Rapture, Joy! Now I Know My ADHD Son Is Going to Be OK
I don’t know why I didn’t see this coming. My son Lucas is nearly 10 after all, but this caught me by surprise: He has become self-aware. I don’t mean that he has suddenly learned to recognize himself in the mirror; I mean that he has gotten to the point where he can accurately assess […]
Reviewed on March 29, 2017
I don’t know why I didn’t see this coming. My son Lucas is nearly 10 after all, but this caught me by surprise: He has become self-aware. I don’t mean that he has suddenly learned to recognize himself in the mirror; I mean that he has gotten to the point where he can accurately assess his own behavior. He has become an advocate for himself, and, in fact, the most valuable tool in the management of his ADHD.
It hit me a couple of months ago when we had Lucas’s med-check appointment with our pediatrician. Several days before the appointment, he said, “Mom, I’ve been really worried about my D in math, and I just can’t seem to stay on task in class. I keep catching myself looking all over the place and humming, and even though I always try to remind myself to get back to work, it seems like I can never finish. I’m thinking I probably need to increase my dose of ADHD meds.”
He went on to say that he doesn’t like the idea of increased medication, and he realizes he might have to deal with headaches again as a side effect, but that he is prepared to deal with that (for him, staying hydrated helps) if it means he can regain control of his thoughts.
When we met with the doctor, Lucas explained his feelings. We increased the dose the following week with excellent results. Only one headache in two weeks, and he has already pulled his math average up to B.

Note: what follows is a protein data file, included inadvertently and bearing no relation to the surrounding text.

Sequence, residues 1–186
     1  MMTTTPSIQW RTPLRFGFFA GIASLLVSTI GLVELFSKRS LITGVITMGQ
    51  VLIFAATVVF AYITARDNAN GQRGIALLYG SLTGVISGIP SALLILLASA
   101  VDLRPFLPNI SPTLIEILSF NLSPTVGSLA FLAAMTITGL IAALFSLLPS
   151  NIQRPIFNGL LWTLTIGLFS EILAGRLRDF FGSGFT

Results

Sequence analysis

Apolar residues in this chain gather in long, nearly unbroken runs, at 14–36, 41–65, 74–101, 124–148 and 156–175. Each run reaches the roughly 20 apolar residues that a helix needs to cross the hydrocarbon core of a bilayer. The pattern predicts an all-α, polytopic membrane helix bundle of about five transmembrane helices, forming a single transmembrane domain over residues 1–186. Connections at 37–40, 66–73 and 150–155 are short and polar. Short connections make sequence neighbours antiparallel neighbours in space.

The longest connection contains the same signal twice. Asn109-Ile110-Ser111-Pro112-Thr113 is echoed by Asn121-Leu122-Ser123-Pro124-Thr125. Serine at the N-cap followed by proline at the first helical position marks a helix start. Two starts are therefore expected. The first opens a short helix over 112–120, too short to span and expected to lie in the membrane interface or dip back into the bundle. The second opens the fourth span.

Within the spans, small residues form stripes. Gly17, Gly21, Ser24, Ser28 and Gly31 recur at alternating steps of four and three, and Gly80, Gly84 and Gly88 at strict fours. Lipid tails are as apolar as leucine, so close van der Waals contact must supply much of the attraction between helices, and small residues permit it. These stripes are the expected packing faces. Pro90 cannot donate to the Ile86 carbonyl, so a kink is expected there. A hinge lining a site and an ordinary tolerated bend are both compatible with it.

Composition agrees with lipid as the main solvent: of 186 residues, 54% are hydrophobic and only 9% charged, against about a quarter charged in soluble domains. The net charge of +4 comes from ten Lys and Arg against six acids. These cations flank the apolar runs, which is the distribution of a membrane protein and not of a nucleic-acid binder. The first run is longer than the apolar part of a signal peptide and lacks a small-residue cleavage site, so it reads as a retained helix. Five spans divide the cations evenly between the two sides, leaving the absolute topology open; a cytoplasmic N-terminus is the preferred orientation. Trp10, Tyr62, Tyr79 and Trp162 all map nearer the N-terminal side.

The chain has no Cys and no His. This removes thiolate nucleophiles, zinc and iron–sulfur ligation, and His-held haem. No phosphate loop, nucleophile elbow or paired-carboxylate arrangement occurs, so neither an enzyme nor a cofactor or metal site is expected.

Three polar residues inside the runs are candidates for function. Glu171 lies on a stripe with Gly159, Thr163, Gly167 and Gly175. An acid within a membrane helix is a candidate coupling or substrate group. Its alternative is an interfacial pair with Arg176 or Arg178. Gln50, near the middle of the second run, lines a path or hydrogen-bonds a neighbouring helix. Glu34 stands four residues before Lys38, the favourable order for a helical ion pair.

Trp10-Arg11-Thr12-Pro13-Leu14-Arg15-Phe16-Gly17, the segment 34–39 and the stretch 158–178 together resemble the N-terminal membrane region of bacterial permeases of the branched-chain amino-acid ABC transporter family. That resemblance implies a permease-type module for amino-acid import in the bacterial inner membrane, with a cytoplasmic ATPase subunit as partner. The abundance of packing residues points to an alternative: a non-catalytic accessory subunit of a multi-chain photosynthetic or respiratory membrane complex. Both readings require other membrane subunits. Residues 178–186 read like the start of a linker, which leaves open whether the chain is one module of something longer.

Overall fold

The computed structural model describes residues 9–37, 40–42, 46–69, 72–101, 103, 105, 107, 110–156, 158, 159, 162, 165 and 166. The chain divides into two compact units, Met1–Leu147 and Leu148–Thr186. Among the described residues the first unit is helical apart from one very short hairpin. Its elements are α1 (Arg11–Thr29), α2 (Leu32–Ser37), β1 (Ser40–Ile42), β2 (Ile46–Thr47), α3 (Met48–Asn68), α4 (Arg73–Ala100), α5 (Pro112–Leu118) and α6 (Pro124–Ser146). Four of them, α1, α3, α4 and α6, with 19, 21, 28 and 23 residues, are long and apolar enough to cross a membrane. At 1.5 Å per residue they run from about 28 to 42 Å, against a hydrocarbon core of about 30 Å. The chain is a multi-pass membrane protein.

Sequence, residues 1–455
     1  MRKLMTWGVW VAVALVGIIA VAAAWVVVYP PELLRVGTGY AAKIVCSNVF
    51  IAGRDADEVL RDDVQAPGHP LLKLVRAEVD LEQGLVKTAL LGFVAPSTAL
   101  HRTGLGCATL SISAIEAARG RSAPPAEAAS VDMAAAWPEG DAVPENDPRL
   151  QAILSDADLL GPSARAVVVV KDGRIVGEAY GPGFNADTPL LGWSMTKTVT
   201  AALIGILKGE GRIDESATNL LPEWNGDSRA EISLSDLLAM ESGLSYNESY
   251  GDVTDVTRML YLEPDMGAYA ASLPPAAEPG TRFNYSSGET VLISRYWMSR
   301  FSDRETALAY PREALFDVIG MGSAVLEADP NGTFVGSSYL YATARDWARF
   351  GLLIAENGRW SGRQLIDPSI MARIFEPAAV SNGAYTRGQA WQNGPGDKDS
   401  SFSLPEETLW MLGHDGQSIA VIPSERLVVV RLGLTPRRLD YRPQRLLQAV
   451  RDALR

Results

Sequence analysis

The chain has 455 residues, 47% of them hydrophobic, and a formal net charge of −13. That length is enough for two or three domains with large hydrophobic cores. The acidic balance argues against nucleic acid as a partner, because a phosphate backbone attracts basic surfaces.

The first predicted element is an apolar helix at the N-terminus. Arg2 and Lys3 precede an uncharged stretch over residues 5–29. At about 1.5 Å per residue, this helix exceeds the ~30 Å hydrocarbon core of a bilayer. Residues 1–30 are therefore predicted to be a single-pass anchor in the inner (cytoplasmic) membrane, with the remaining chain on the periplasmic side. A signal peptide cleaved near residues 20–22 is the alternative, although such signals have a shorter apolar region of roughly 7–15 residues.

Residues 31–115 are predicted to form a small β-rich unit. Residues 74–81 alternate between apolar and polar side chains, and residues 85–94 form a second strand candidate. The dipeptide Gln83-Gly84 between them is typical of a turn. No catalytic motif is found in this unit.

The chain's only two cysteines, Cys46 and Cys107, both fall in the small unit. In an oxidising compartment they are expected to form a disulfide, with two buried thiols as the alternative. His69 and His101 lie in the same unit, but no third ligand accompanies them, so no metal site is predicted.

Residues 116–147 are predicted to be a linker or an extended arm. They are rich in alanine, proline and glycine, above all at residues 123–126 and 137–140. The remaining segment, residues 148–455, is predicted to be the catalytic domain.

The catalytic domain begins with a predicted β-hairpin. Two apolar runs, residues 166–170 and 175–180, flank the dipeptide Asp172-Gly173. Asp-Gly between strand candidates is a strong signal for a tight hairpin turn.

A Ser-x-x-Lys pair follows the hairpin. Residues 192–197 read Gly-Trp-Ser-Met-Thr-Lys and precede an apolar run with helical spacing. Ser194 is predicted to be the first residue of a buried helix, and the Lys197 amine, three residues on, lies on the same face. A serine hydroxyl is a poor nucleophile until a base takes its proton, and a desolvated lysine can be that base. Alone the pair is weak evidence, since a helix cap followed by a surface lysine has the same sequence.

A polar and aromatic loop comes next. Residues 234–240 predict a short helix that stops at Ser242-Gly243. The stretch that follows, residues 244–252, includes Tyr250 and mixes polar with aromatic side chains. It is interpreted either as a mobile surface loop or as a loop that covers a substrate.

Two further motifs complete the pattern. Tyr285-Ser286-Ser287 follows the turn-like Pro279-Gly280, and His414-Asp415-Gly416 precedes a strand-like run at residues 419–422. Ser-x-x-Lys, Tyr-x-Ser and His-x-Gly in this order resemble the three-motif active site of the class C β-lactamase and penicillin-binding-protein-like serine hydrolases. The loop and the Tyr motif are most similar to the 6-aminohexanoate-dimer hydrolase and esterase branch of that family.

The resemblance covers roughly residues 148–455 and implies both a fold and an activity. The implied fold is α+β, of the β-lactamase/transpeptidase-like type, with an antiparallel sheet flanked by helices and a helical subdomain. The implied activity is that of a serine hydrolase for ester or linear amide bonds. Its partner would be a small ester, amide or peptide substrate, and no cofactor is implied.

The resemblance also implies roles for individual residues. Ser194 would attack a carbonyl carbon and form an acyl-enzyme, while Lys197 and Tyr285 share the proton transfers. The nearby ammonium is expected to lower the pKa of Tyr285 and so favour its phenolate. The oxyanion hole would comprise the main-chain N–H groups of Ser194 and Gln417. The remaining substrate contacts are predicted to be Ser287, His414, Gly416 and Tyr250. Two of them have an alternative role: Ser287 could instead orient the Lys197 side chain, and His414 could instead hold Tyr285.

There have been other similarly cool moments. Lucas will often catch himself and say things like, “Oops, I just had an ADHD moment. Can you please repeat everything you just said?” He’ll ask me to remind him of things he knows he is likely to forget. In the evening, if he’s doing homework after his meds have worn off, he’ll come and sit next to me and say, “OK, I’m all over the place, but I’ve got to get this homework done. Clap at me if I lose focus, OK?” When I’m losing my cool, he’ll stop me and say, “Mom, you’re impatient and you’re yelling at me. You know it makes it even harder for me to stay focused when you yell at me.” I swear, sometimes it’s like he’s raising me instead of the other way around.
I am so amazed at this child. I am so grateful for this medicine that allows him the kind of introspection that would otherwise be either fleeting or impossible.
It is incredible to me that Lucas has acquired this aptitude for self-analysis, something I never could have fathomed two years ago. Back then, he couldn’t slow down long enough to acknowledge his own scattered thoughts, much less analyze them. In those days, when dealing with questions of behavior, schoolwork, side effects, and overall efficacy of his medication, I always had to rely on my own limited observations of his behavior at home (when the meds had mostly worn off) along with whatever tidbits I could scrape together from his teachers at school.
This new level of autonomy is something I was not expecting and means so much more to me than just thinking how cool it is that Lucas can identify and rectify problems with his own behavior now. It gives me hope for his future, hope that I’ve desperately needed all along.
I’ve heard plenty of success stories, read article after article about successful or famous people who thrive in spite of-or because of-their ADHD, but seeing my child take the reins of his life was the bit I really needed. Now I see, now I know, now I can exhale; he is going to be OK.